2015-04-15

By Seamus McGuire, AmeriCorps Member, Alumni Sponsored Team,
Serving at Parker Varney Elementary School

Recently, I had the chance to sit down with City Year NH Alumni Board Chair, Paul Riley. Paul is a great guy and I had the pleasure of interviewing with him about his life and how City Year has played a part in it.

I had recently seen Paul at City Year New Hampshire’s 18 minute networking event. At this event corps members were given the opportunity to meet past alumni and other members of the community who are from a variety of different professions.   After our introductions Paul was quick to point out how successful he thought CYNH 18 minute networking was, and I couldn’t agree more with him. Paul was happy with the large turnout saying that, “Every year I’ve been able to come back and it looked like Melissa took into account everyone’s interest, to get so many people from so many backgrounds.”

I asked about how he first got involved with City Year. Paul talked about how he found out about City Year while attending Elmira College through a friend who was an AmeriCorps VISTA. After Paul graduated he was accepted into CYNH and in the fall of 2009 he moved to the seacoast of NH and started his first year of service. One of the things Paul was really adamant about was the diversity of the corps members that he worked with. While Paul had just graduated from college, some of his teammates were just out of high school or from backgrounds that he had never experienced before. This diversity is still present today and is one of the things that makes City Year so special. Thinking of the future Paul hopes that City Year will continue on in the tradition of diversity. He said, “If they can keep that while making schools better, it’s unstoppable!” Paul talked about how age diversity has its benefits as well. Paul mentioned how some of his younger teammates could help in reaching different students.  “My teammate Diane (18 years old at the time) was able to reach students in different ways than I. We were able to complement each other.”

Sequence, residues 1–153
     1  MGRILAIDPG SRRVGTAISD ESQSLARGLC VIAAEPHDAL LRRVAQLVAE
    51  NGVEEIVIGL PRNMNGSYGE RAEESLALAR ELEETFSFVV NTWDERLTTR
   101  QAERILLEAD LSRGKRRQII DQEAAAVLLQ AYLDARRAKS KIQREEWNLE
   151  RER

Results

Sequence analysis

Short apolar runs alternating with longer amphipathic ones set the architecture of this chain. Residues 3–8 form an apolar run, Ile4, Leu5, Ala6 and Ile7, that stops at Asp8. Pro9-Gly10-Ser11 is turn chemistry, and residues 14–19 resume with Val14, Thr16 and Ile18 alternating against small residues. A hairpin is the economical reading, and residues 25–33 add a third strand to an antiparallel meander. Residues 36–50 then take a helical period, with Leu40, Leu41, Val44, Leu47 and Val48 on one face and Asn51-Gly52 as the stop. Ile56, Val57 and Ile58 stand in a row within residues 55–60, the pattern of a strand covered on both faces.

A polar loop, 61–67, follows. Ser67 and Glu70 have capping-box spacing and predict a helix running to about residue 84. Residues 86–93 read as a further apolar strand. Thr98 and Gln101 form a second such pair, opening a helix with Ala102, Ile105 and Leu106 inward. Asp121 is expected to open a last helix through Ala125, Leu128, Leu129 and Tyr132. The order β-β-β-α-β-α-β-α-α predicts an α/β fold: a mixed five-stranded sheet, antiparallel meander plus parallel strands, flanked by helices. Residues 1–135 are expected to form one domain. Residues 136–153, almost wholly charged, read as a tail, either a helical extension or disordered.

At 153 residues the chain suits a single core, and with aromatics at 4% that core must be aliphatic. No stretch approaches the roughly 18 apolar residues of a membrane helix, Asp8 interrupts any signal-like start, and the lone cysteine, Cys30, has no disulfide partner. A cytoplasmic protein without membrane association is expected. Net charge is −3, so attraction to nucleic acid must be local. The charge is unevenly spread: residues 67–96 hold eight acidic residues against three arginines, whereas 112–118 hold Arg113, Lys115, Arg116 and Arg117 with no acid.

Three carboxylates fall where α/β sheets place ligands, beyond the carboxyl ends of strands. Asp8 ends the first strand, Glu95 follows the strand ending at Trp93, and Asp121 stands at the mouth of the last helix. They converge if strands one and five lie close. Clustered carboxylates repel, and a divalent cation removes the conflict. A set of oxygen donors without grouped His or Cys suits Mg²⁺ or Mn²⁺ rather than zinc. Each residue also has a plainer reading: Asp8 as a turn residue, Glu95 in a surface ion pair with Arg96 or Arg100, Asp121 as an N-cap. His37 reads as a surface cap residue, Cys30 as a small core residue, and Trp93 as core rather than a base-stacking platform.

As the Alumni Board Chair, Paul’s job is to meet with the other CYNH Alumni Board members to help recruit alumni and to gain their support. But this is not Paul’s only role. He currently lives in Boston, MA working as a National External Engagement Manager for the non-profit, Citizen Schools. Citizen Schools is a great organization that has, as Paul describes it, “A lot of City Year crossover.” Citizen Schools’ mission is to close the “opportunity gap” where middle school students in low income neighborhoods are given the opportunity to have a longer learning day, exposing students who want to learn to adults who want to teach them. 

Even though Paul enjoys his new job he still makes time for City Year. I asked Paul, “What keeps you coming back to City Year over the years?” He started by first explaining his role on the alumni board. “At the board meeting I feel at home with the Alumni. It’s just a group of people who are extremely funny, compassionate, and smart. They’ve become my friends with whom I love spending time with.” he said. In regard to the current generation of corps members, Paul says, “The new corps is so thoughtful. It’s incredible to see you guys. You all were able to take something that we were just hinting on in my service year and are making it better. You all rejuvenate me!”

I wanted to ask Paul was advice for corps members as we transition into the final leg of the year. Paul pointed out that by now, “You have all been trained, and gotten your feet wet. You have the tools, it’s time to polish and refine what you’ve learned. There’s going to be a lot of excitement. You have a lot of events coming up like camps and starry, starry night, and Global Youth Service day, and then before you know it it’s May.” Paul was also quick to emphasize that it’s not going to be easy. “It’s important for you to take time for yourself. It’s going to be hard. It’ll be hard for your team, you’ll all see the end. It can be a draining journey though, so make sure to have space from your team at times, but also make sure that you’re there for your team.” he said. 

My interview with Paul was very informative. He touched on a lot of things that as a corps member, I have personally experienced and seen. He also brought to light his humble beginnings at City Year and made me realize that corps members have come a long way in terms of how we operate at schools, and where we work. But it also made me realize that the merits and character skills that I have developed this year will continue with me for the rest of my life. Paul left me with one last bit that I think will ring true for anyone who serves, or has served at City Year. He told me, “You want to be able to look back on this experience as one of the most important years of your life.” 

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